National Videogame Museum – A Visitors Opinion.

The National Videogame Museum welcomed its first visitors to the former Castle House building in Sheffield City centre in November 2018, after moving from its original Nottingham base where it had spent the last three and a half years, it is currently the UK’s only videogame museum.

The museum celebrates all aspects of videogame culture and allows people of all ages to play, learn and have a go at sharing their own ideas.

It features dozens of playable consoles and arcade machines with classics such as Space Invaders and Pac-Man. A selection of titles made in Sheffield including Snake Pass, Monty Mole and Gang Beasts also feature but my favourite by far has to be Zool. Also created in Sheffield, Zool is one of the defining games of the 90’s. In total, there’s over a hundred different games to play at your own leisure provided it’s not too busy.

As I am from Sheffield myself and have been in this very building too many times to recall as a boy the nostalgia trip is almost doubled as it used to be a major Co-Op spread over 3 floors.

From the minute you walk in to the museum you are greeted by fabulous staff who are very engaging and informative. You get stamped up for the day and you can come and go as you please, you have the option to eat in with a little cafe just to the right and they have an obligatory gift shop but not as you know it to the left.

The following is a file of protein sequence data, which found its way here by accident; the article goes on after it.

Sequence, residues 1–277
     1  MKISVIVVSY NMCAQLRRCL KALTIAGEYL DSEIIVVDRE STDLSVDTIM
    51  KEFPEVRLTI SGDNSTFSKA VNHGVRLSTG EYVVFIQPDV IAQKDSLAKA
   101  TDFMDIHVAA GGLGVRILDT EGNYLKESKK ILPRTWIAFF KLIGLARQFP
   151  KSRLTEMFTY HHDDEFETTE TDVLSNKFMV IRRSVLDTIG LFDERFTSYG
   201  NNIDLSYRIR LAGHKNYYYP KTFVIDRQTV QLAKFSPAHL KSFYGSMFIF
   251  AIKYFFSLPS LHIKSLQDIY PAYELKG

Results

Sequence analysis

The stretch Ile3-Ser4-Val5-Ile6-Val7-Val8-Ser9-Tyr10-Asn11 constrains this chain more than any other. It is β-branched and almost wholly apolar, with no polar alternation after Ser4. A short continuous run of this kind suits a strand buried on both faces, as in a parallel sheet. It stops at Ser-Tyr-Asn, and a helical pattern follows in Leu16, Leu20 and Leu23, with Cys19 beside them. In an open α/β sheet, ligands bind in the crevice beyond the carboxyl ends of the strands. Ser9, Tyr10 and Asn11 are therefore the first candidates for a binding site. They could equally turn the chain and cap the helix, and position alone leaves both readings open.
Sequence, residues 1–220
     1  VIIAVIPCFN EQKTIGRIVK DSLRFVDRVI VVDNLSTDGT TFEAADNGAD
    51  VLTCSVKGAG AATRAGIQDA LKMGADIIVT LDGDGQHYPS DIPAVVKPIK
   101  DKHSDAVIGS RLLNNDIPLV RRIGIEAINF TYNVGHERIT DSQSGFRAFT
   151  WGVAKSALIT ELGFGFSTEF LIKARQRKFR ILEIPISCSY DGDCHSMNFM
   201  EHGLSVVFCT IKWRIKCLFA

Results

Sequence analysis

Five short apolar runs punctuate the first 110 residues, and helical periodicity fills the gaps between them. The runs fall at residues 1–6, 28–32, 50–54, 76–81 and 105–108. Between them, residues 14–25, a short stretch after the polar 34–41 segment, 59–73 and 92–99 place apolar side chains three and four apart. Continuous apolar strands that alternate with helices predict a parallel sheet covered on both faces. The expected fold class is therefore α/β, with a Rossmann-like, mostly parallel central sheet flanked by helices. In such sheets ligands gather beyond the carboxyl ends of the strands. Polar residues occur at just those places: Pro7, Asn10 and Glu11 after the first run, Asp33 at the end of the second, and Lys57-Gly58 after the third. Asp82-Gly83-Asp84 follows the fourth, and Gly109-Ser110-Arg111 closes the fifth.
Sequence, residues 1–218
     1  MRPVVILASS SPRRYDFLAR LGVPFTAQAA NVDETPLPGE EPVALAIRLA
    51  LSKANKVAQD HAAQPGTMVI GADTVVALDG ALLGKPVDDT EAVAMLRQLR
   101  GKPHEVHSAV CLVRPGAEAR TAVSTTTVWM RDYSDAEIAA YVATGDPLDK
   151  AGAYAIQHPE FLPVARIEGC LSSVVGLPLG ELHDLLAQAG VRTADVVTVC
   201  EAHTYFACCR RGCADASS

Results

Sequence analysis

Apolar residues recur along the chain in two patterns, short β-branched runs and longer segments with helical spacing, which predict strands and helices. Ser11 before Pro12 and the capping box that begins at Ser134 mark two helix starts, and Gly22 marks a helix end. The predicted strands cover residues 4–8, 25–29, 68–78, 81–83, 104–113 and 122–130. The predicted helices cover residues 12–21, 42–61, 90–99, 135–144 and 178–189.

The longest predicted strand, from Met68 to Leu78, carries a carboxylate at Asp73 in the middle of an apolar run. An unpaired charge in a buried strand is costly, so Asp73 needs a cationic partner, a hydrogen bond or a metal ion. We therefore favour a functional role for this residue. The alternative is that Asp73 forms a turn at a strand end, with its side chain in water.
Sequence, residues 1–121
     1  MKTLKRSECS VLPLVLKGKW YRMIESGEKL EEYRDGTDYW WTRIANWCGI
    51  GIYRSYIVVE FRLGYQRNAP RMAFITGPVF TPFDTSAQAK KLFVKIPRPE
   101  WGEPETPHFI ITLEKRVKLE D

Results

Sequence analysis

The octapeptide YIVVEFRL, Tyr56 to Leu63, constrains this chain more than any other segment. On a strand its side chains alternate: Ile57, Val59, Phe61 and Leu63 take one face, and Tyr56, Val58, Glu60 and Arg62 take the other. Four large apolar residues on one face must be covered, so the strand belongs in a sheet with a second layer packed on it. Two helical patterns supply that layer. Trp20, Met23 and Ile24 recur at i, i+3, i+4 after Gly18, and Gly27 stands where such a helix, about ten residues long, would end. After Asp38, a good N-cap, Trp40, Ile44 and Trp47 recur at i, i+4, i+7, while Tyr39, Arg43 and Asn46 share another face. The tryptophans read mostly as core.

As you walk in you have a Sonic vs Mario section with 3 different generations of consoles for each mascot, itching to be played back to back, there is also dedicated areas set up for display only, rare consoles and dev kits never seen by the public a super rare N64DD, a Nintendo GameCube dolphin dev kit and the original Mortal Kombat Arcade board, things that rightly should be behind glass, preserved but still accessible for people to track the history of games and gaming in general.

As an adult now looking back at the stuff in here is amazing, you have arcade machines lined up each one with an identification label explaining who made it, what year it was released and how it came to be, but for a young child/adult this stuff is beyond their comprehension as they have quite possibly never seen let alone experienced any of these things. That’s why I think this place is so important and so vital not just for Sheffield but for the whole of the UK because it has a lot of history when it comes to gaming in general and I think it’s the perfect place to be based very central, and easy to get too.

Standing proudly in the centre of the museum is a huge sonic statue which is defiantly a photo opportunity for anyone who visits this massive place, you have such variety from stand up cabinets to one-off games which have yet to be released by indie developers to racers and console’s themselves, I spent maybe 4 hours in here with my son who is 11, he is heavily into games as I have brought him up well, but even he was having his mind blown, I think all in all this place is a little gem that can only go from strength to strength it has plenty of space to expand and grow and that can only be a good thing.

For more information on the museum please visit


Just love hunting down and collecting anything retro game related, playing is only half the fun I have 10 consoles that im currently collecting for +handhelds, follow me on twitter.

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